Team-mates do not have to be mates, but the tenor of Michael Clarke's thoughts about Shane Watson were still fairly shocking when they became public in July 2013. Clarke, according to freshly sacked coach Mickey Arthur, thought Watson was a “cancer” in his Australia team.
Arthur was taking Cricket Australia to court for unfair dismissal and described himself as the “meat in the sandwich” between feuding captain Clarke and the all-rounder Watson. Four months previously, Watson, then vice-captain, was suspended from the team and flew home from India after failing to complete a “homework” assignment set by Clarke and Arthur. Australia lost that series 4-0.
And yet, on Friday morning at the Adelaide Oval, there were Clarke and Watson playing together in a World Cup quarter-final. Watson came in when Clarke got out and, despite taking a battering from Wahab Riaz, during which he was dropped at deep fine leg, Watson was in at the end, steering Australia into the semi-finals with an unbeaten 64 from 66 balls.
It was a comfortable win eventually and there was Clarke, nicknaming his old enemy afterwards. “Credit to the way Watto found a way to get through that spell and get us home tonight,” Clarke said. “He deserves a lot of credit for that.”
Australia will now face India in a semi-final at the SCG on Thursday and could well be up against co-hosts New Zealand in Sunday’s final.
Brendon McCullum’s side have been improving for years and have charmed and entertained at this World Cup, playing precisely the opposite form of cricket to England.
Their modern story, though, also grew out of acrimony. It was certainly not as toxic as the feud between Clarke and Watson but when McCullum replaced Ross Taylor as captain in December 2012, New Zealand cricket was not a happy place.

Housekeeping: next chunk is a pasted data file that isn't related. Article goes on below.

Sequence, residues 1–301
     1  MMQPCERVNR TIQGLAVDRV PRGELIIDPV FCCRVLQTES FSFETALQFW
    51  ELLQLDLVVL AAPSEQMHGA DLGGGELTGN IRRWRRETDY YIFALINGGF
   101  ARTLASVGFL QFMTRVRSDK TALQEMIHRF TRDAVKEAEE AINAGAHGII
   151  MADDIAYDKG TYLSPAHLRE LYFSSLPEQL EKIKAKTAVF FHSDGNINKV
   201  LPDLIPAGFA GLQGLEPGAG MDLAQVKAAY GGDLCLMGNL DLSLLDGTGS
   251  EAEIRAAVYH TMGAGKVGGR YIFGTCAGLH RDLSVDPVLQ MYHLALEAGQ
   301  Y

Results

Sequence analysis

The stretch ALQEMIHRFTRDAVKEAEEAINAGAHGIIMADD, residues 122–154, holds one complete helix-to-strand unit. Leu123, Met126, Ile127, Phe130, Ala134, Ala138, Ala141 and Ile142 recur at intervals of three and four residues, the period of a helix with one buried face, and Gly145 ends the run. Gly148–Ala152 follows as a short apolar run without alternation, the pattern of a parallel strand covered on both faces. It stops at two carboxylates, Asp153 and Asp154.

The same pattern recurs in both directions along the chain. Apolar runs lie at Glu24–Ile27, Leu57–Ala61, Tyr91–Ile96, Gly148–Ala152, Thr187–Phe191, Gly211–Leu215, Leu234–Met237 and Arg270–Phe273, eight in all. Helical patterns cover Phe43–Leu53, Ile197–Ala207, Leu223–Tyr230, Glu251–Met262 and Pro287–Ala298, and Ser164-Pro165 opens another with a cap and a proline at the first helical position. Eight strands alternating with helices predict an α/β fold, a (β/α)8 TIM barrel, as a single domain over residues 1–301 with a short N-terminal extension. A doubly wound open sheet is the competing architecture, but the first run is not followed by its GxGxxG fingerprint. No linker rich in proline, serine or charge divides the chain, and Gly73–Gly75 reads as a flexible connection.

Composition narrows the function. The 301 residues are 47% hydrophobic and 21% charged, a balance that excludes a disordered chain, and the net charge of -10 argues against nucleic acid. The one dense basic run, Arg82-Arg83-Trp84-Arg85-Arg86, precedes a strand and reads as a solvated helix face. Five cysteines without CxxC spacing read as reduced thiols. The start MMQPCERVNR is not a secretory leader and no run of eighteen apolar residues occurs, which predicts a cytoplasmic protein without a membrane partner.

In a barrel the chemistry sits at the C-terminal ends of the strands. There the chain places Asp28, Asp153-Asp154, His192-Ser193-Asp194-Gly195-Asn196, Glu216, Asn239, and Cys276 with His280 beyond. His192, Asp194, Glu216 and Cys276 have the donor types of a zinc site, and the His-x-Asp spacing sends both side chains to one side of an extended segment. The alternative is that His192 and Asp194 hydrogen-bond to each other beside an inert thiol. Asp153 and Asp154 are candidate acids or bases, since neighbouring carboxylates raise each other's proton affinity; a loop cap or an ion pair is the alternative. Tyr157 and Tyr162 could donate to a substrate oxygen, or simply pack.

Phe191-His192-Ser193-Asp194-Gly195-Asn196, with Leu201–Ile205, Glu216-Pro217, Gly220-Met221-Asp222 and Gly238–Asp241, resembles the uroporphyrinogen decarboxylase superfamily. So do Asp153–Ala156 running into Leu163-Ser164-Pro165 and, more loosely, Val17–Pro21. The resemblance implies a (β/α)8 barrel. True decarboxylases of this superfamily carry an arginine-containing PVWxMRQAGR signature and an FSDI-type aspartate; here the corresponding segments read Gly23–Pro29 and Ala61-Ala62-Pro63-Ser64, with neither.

Kiwi coach Mike Hesson removed the captaincy from Taylor – Hesson insisted that he offered Taylor the chance to stay in charge of Tests – and a humiliated Taylor pulled out of New Zealand’s tour to South Africa. It was a sour mess: bowling coach Shane Bond accused Hesson of being “dishonest”, former coach Trent Woodhill said it was “unfathomable” and New Zealand Cricket publicly apologised to Taylor and his family for the handling of the saga.
Sir Richard Hadlee warned that it would be difficult for Taylor to return to the side but he did, against England in February 2013. Since then he has been an important part of an impressive team, scoring four Test centuries and six in ODIs, playing alongside McCullum and for him with commitment and focus.
All of which goes to show that in cricket no rift or split should be entirely unbridgeable. Good teams – in fact, the two best teams in the world in the last few years – have been built on riven foundations, on the energy of wounded pride.
You probably know where this is going next. Of course, there are things in cricket, and even in the world, that are not to do with Kevin Pietersen. But this is about more than just Pietersen. It is about us.
The English have shown recently that we are not very good at hitting boundaries during the middle overs, pushing for 350 or bowling at the death. But we are rather better at personalising our problems, nurturing grudges and allowing shared small-mindedness to get in the way of what matters most.
None of which is to say that the painful, tiresome silliness of the last few years is anything other than that, and it is certainly not worth revisiting or re-fighting here or anywhere else. There is the climax of the World Cup this week, after all.
But the news that the ECB’s incoming chairman Colin Graves has spoken to Pietersen is to be welcomed, as is the prospect of Pietersen meeting Graves and ECB chief executive Tom Harrison next month.
Pietersen’s enthusiasm to play county cricket this year, which he must do if he is to return, is admirable, especially given that it might cost him a portion of the Indian Premier League season.
Whether this rapprochement will be enough to get Pietersen back into the England team is a rather long shot.
Whether a hypothetical return would inspire England to play positive winning cricket here in the 2019 World Cup, when he will be almost 40, is remoter still. But there is a lot to be said for a little bit of open-mindedness.Reuse content